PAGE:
It’s also important to close disctractions down when working. Don’t have your e-mail up where you can see the notifications of new e-mails when you’re working on something important. The e-mail can wait. Ditto social media or messaging services — if people really, desperately need to get ahold of you, they can call your phone. Otherwise it can probably wait.

A kitchen timer (or most smartphones have a timer feature, these days) can also help with focus. Set a timer for between 30-50 minutes and don’t let yourself move away from the task at hand until the timer goes off.

Be realistic — more than an hour or so isn’t going to happen; the human brain just can’t go that long without some kind of break — but be strict within the small window of time you set aside. Turn off your internet connection if you have to. A lot of computer programs these days have a built-in “productivity mode” that blanks out everything but the program window; use them if they’re helpful.

Do whatever it takes, but focus!

 

gears-systems-5003. Systemize

Most of us take our tasks as unique challenges.

Every project we work on, we start from scratch.

Try to be attentive to what tasks you’re doing on a regular basis.

Once you’ve had to do something two or three times, you should start thinking about ways to systemize it, so that it goes faster the next time.

In my case, meetings with other people are necessary so often that it was worth systemizing them.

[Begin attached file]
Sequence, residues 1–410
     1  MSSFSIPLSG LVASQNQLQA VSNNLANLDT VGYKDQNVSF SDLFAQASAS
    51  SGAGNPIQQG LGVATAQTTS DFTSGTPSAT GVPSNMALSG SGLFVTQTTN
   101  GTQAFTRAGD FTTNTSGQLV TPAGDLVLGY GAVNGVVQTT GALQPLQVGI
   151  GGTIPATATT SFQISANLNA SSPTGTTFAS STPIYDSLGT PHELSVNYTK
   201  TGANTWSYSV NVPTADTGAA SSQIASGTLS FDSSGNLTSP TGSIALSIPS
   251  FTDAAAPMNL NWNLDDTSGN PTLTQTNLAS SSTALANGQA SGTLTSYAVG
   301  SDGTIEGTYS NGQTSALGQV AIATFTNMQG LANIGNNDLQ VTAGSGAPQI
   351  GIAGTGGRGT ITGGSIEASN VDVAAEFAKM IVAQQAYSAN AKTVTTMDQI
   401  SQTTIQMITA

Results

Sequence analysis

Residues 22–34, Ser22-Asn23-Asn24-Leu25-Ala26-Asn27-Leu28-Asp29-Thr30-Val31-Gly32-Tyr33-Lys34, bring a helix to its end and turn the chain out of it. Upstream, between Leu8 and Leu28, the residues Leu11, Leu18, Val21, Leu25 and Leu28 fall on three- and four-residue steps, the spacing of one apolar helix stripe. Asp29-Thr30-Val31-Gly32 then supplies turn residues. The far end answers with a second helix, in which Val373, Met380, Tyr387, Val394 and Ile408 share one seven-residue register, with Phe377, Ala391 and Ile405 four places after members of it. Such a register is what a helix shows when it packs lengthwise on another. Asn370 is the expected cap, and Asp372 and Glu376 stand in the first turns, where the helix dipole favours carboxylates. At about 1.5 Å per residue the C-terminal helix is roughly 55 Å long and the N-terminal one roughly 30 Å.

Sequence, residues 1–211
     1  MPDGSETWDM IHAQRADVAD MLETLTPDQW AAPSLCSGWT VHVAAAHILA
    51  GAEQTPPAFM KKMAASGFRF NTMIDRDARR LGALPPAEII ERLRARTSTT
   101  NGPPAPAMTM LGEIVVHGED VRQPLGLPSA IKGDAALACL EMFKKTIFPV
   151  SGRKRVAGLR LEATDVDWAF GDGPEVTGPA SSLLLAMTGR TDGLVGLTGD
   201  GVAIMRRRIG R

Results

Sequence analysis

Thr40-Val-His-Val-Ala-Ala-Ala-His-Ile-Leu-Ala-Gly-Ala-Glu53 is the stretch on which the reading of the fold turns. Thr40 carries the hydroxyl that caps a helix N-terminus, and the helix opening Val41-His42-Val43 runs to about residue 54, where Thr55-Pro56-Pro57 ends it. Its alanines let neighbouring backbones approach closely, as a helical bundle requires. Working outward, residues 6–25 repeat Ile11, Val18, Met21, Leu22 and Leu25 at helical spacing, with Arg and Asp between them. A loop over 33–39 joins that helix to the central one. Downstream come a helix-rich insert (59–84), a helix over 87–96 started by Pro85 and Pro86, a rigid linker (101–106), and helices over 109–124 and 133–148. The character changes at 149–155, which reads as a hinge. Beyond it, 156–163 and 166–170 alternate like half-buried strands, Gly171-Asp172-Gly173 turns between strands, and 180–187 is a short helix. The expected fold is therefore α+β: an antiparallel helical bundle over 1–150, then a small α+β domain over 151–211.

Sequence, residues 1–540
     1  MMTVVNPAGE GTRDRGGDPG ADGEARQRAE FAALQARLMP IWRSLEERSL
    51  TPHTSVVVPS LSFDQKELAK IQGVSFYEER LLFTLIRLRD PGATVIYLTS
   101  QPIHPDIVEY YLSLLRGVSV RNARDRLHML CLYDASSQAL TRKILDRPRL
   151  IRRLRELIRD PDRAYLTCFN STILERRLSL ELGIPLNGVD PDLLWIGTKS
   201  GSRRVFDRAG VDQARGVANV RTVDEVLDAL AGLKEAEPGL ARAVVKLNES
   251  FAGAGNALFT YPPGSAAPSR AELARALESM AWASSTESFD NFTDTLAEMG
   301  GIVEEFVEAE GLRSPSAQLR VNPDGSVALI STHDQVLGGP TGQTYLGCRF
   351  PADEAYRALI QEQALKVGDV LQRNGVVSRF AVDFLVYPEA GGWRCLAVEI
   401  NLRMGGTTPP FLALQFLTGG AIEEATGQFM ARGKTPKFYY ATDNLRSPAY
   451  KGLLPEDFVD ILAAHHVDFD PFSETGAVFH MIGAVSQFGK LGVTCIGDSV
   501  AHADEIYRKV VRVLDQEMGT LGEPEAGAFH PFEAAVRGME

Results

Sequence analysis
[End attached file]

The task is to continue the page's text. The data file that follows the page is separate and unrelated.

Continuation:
I set one weekday aside as my “meetings day,” and used a scheduling app to let all the people I meet with pick a time slot. That way I know when the meetings are going to happen, and I don’t have to spend time every week just setting them up.

Remember, time spent blocking out time is, well, time! It comes out of your schedule. The more you can systemize your regularly-occurring tasks, the more time you free up for the tasks themselves.

 

4. Love

antonio and keven

I love helping young men like Kevin Succeed!

It’s not uncommon for very successful people to burn out of their fields abruptly. From sports to business, you see big names take sudden leaves of absences, or switch careers altogether.

In most cases, they leave because they don’t love what they’re doing. Success in and of itself is meaningless, if you don’t enjoy the thing you’re succeeding at.

Remember that work is a tool, not a goal. It should be helping you reach a goal: fulfillment, happiness; satisfaction. (And yes, basic sustenance is on that list too. We all have to eat. But we should strive for more than that.)

I keep a sign above my desk that asks me if what I’m working on right now is worth the time I could be spending with my family.

It reminds me not to waste time on things that aren’t important, and to focus on doing the job that I love in a way that’s good for me and for my family.